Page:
Enhancement of Olympia oysters to provide heterogeneous habitat for fish and invertebrates

Funding provided: $15,000

Sponsor contact: Steven Rumrill, Oregon Department of Fish and Wildlife, 541-867-0300, steven.s.rumrill@state.or.us

This project will increase the ecosystem benefits provided by native Olympia oysters at Coquille Point (Yaquina Bay, Oregon). Specific objectives are to: (1) enhance the existing population of oysters; (2) provide protection against predation by non-native European green crab; and (3) provide complex habitat for diverse communities of estuarine fishes. Project sponsors will design and fabricate innovative “Olympia oyster havens” constructed from cement and oyster shell, populate them with oyster spat, and evaluate their effectiveness as refuges from predatory crab.

Use of the modular substrata as habitat for estuarine fishes in the intertidal and subtidal zones will be documented.

A regional scale assessment of fish habitat along the nearshore of greater Puget Sound

Funding provided: $28,317

Sponsor contact: Bart Christiaen, Washington Department of Natural Resources, 360-902-1258, bart.christiaen@dnr.wa.gov

This project is a regional scale assessment of fish habitat along the nearshore of greater Puget Sound. Project sponsors will analyze previously collected towed underwater imagery from Washington Department of Natural Resources’ eelgrass monitoring program to investigate regional patterns in abundance and depth distribution of marine vegetation types that are recognized indicators of habitat condition. Vegetation types include understory kelp, the introduced alga Sargassum muticum, other brown/red algae, green algae, and seagrass species. Patterns will be related to gradients in environmental drivers to identify areas that are potentially susceptible to anthropogenic stressors such as water quality degradation, shoreline modification, and climate change.

“'Understanding the distribution of eelgrass, kelp, and other marine vegetation is essential for protecting critical fish habitat,” said Bart Christiaen, natural resource scientist with Washington Department of Natural Resources. “This funding will boost our efforts to develop and expand DNR’s monitoring program from seagrass to a more comprehensive survey of marine vegetation in greater Puget Sound.”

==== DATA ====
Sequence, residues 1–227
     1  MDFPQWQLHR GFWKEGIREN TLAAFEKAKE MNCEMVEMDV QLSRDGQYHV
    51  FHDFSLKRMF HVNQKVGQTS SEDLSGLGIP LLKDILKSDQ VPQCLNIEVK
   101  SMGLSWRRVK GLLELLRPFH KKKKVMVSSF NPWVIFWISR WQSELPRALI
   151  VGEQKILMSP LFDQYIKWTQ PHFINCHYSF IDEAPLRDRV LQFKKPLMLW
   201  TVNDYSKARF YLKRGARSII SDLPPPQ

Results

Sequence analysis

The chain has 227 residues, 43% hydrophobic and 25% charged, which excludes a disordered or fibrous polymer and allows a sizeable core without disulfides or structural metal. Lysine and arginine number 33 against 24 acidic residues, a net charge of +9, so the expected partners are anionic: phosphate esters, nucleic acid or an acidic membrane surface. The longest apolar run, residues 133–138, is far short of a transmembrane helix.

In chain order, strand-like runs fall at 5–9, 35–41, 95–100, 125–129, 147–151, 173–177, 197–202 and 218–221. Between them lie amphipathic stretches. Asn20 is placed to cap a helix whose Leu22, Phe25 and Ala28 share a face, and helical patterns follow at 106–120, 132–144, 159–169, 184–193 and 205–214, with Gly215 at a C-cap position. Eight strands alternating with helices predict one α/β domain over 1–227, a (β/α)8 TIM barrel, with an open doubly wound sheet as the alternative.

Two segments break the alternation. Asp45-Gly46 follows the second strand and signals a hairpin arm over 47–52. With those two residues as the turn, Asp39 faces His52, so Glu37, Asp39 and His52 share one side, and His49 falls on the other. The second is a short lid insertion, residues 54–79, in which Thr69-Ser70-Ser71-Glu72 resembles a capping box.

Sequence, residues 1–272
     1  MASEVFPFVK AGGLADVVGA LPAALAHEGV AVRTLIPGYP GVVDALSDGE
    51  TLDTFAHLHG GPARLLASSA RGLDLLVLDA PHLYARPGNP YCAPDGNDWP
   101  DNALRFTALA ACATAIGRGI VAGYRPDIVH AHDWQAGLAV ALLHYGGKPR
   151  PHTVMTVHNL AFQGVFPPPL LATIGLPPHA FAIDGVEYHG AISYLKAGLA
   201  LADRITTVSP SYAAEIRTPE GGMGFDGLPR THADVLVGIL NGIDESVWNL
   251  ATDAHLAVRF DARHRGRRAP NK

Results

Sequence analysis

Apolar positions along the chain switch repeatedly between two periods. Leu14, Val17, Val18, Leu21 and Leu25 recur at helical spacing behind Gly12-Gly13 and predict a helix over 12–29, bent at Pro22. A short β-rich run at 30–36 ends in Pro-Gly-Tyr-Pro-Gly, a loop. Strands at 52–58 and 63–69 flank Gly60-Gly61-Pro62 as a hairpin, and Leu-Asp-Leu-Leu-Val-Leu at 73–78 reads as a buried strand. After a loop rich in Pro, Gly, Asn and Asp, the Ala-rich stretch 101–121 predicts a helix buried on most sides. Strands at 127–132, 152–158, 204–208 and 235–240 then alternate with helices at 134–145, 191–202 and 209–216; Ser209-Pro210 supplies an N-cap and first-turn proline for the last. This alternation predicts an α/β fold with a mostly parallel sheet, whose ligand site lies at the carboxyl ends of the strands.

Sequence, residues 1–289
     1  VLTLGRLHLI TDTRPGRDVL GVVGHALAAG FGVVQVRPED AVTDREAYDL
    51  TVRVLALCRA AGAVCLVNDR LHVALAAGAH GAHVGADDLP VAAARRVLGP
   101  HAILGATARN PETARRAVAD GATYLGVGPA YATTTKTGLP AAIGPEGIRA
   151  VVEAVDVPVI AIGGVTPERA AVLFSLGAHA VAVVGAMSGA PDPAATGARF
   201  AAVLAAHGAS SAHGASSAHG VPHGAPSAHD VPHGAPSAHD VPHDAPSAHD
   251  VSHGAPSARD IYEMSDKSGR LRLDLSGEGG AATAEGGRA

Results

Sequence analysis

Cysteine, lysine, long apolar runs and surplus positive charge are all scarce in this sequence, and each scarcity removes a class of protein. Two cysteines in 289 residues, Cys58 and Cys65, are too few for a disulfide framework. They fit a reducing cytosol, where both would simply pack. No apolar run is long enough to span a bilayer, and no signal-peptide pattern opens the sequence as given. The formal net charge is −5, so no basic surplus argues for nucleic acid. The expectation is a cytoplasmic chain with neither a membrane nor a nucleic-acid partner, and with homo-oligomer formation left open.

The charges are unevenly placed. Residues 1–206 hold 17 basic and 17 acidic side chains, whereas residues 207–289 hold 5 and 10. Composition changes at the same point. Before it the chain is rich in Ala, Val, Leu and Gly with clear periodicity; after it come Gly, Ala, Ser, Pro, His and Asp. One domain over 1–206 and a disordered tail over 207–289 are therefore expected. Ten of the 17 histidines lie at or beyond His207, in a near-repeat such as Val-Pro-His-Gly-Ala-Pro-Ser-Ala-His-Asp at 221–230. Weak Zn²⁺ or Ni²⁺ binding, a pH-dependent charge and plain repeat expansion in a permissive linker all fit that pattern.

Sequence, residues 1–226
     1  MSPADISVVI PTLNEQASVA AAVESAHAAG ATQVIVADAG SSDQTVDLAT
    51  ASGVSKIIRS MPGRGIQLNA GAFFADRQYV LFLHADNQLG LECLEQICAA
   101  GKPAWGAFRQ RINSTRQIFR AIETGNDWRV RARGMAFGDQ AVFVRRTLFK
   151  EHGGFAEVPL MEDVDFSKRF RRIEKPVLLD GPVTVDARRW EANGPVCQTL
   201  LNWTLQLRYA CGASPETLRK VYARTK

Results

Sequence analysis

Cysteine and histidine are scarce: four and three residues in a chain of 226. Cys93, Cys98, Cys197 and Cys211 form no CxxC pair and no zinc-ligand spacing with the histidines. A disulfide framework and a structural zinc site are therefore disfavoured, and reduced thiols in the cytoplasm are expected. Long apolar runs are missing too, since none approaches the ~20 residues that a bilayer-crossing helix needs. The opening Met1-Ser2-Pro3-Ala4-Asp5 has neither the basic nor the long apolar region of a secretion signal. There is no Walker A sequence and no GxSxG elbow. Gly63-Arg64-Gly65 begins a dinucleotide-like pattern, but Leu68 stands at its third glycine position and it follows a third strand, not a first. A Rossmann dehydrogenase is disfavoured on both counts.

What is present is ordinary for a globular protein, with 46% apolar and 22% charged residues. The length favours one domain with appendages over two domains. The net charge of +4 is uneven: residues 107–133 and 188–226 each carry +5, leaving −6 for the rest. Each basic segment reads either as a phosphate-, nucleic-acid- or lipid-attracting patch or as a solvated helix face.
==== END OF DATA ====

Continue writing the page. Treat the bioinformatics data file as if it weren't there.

***

These projects represent a portion of the on-the-ground conservation work implemented in 2020 under the National Fish Habitat Partnership. Through the U.S. Fish and Wildlife Service’s Fish and Aquatic Conservation program, over $4.3 Million was contributed to 95 projects in 31 states. Overall, these Federal funds were matched more than 8-to-1 with nearly $31.3 Million in match funding contributed from tribes, state agencies, local municipalities, non-governmental organizations, and other partners.

0
0
0
0
1

Online Poll

How should we send our children back to school during the pandemic?

You voted:

Online Poll

How should we send our children back to school during the pandemic?

You voted:

(0) comments

Welcome to the discussion.

1. Be Civil. No bullying, name calling, or insults.
2. Keep it Clean and Be Nice. Please avoid obscene, vulgar, lewd, racist or sexually-oriented language.
3. Don't Threaten. Threats of harming another person will not be tolerated.
4. Be Truthful. Don't knowingly lie about anyone or anything.
5. Be Proactive. Let us know of abusive posts. Multiple reports will take a comment offline.
6. Stay On Topic. Any comment that is not related to the original post will be deleted.
7. Abuse of these rules will result in the thread being disabled, comments denied, and/or user blocked.
8. PLEASE TURN OFF YOUR CAPS LOCK.